Guest Speaker

Thoughts on Buddism


A Few Thoughts on Buddhism

You are a Buddha.  I am a Buddha. We are all Buddha, and therein lies a fundamental truth about our lives.  We have truth, understanding and answers already within in us if only we can find it! Buddha was a man who, after seeing and experiencing suffering, found understanding and enlightenment by retreating from day-to-day life to meditate alone - stepping away from the hurly burly of life - to reflect and consider what truth really was, what he really was. He found peace of mind by retreating from ‘life’ to look inwardly for calm and deeper understanding.  He discovered 4 Noble Truths. We all suffer. Suffering is caused by wanting. Suffering can be cured by eliminating this wanting. The cure is the Noble Eightfold Path. Following this path we have to aim for right seeing, right thinking and motives, right speech, right action, right livelihood, right effort, right mindfulness (awareness) and right concentration. This is fundamentally is very simple and sensible approach to life. Do as you would be done by. This is easy to say, not always so easy to do.

Buddhists also see clearly that life is always changing. We mustn’t grasp onto happiness or sadness. We mustn’t long for ‘this’ and try to avoid ‘that’ because neither happiness nor sadness is ‘set in stone’. Circumstances change from second to second and we have to remain in the ‘flow’ of accepting this basic truth.

And mindfulness (such a buzz word these days) means enjoy the moment. When you are tucking into your favourite cereal don’t worry about whether your friend is still mad with you or whether you’ll get the job you’ve just applied for, whether the repair man will do a good job etc. Think about your cereal! Appreciate where it all came from – the wheat from the ground, the soil that grew the wheat, the people who harvested it, the lorry drivers who took it to the supermarket, the lady who found it for you on the shelf in the supermarket, the sun that shone down on it, the rain that nurtured it … I could go on and on. Summary: concentrate on the job in hand. (Weightwatchers (yes I did attend for a short while in my youth!) advocate mindful eating – noticing it in detail and appreciating it – and this attitude in all areas of your life can help you see the joy and beautiful and miracle of life that is around you second by second by second.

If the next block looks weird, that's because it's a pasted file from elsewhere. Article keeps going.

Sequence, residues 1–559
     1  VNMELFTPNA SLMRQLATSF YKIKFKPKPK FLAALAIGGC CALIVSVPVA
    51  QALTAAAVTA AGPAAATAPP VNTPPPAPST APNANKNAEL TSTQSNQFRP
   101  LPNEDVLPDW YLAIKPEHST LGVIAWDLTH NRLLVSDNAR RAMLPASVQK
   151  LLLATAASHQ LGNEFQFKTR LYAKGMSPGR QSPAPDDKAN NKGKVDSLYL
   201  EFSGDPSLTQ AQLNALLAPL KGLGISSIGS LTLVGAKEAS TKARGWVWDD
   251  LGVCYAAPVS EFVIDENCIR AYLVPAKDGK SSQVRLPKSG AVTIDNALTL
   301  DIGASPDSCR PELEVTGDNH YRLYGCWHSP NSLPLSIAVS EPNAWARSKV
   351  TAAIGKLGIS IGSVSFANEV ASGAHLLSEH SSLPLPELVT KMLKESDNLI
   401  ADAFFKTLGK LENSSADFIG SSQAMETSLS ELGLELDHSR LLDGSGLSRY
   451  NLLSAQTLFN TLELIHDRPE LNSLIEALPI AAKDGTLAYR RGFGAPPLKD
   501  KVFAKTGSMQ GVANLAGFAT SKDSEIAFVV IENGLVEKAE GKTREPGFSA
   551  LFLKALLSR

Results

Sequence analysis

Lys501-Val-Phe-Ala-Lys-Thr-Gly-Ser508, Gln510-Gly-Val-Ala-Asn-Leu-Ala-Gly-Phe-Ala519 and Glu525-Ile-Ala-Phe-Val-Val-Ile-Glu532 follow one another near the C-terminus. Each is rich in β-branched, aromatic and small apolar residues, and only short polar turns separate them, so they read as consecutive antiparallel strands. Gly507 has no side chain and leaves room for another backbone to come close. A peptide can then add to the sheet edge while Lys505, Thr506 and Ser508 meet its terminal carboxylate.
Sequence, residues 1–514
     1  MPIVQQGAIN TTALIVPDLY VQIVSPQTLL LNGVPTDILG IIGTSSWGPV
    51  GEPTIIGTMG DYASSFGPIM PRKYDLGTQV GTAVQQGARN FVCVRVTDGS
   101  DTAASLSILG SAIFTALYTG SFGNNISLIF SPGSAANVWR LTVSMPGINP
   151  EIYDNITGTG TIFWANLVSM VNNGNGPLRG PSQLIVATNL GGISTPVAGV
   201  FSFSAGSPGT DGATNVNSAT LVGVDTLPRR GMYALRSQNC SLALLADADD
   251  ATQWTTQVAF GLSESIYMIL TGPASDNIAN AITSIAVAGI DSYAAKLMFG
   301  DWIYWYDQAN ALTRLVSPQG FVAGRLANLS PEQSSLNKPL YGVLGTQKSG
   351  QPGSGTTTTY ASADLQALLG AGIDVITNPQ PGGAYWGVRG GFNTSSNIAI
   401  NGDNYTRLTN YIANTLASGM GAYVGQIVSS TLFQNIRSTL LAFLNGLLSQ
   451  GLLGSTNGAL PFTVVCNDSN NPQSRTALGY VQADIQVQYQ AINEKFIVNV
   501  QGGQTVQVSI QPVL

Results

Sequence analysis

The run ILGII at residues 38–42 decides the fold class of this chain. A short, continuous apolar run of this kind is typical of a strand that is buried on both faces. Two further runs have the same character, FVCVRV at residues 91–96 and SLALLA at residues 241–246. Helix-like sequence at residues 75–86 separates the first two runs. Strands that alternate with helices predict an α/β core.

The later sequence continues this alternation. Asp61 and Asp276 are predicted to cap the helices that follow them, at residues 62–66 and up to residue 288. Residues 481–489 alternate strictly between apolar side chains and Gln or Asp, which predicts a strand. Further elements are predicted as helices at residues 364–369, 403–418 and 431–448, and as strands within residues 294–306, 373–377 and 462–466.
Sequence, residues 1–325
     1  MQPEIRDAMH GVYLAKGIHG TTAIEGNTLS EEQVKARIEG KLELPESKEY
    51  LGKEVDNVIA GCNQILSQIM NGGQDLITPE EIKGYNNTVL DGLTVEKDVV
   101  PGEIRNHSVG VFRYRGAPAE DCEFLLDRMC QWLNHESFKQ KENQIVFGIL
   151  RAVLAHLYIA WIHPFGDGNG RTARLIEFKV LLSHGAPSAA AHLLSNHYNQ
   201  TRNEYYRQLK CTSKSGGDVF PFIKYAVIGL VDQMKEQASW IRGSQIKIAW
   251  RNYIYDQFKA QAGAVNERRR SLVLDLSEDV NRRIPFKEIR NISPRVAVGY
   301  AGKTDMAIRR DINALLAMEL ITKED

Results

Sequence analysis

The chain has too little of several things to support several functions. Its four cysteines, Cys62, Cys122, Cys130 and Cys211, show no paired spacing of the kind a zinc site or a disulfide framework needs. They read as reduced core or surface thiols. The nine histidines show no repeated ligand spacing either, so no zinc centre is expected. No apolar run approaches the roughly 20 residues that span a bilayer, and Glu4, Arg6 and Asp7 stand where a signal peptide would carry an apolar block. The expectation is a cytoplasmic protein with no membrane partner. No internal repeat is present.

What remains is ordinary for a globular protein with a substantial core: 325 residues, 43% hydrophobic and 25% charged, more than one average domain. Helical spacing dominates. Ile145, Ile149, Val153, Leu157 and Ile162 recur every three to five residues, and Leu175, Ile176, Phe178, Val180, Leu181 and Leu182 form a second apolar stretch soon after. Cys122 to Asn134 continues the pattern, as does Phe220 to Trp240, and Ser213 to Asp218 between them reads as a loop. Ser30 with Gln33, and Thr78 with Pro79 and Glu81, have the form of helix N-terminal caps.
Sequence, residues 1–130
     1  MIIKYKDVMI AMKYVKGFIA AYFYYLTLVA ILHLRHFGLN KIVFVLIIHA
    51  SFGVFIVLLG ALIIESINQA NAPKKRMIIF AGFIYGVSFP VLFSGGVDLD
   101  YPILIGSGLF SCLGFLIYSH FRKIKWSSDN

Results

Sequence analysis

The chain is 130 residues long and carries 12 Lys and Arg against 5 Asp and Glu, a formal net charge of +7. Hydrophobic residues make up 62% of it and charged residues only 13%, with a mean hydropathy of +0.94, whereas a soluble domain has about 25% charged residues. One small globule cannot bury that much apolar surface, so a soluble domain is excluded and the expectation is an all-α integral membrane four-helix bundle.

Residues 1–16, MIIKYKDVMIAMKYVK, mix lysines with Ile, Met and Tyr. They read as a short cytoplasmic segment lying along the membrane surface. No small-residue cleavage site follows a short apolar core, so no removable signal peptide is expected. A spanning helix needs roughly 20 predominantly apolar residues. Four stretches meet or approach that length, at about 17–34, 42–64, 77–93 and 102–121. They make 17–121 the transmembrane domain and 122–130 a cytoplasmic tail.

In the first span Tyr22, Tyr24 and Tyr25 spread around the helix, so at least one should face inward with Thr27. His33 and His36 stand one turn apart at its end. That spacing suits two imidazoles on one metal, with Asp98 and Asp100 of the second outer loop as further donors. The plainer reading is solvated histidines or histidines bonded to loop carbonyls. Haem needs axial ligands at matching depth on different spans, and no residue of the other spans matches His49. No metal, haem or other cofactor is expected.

Buddhist is fundamentally a system of belief that can give power back to you. You don’t worship a deity who judges or tosses you around in a choppy sea of life. You have the Buddha wisdom within, and by following a path that is good, honest and fair to others and yourself, by being mindful of the moment and aware of the constant changes around you and the oneness with everything (animal, vegetable and mineral) you can truly find ‘peace on earth’ whatever your current situation may be.

I came to Buddhist very late in life but within its teaching I’ve found tremendous inspiration for life and a lot of down to earth common sense too. What’s not to love of a belief system that is so caring, understanding and down-to-earth?  And the perks?  Lots of lovely coloured prayer flags in the garden that flap in the wind reminding me that life is indeed a rainbow of colour and experience, a rainbow with a pot of gold waiting to be discovered whilst appreciating, moment-by-moment, the journey and the adventure.


Namaste, Verity x


Buddism

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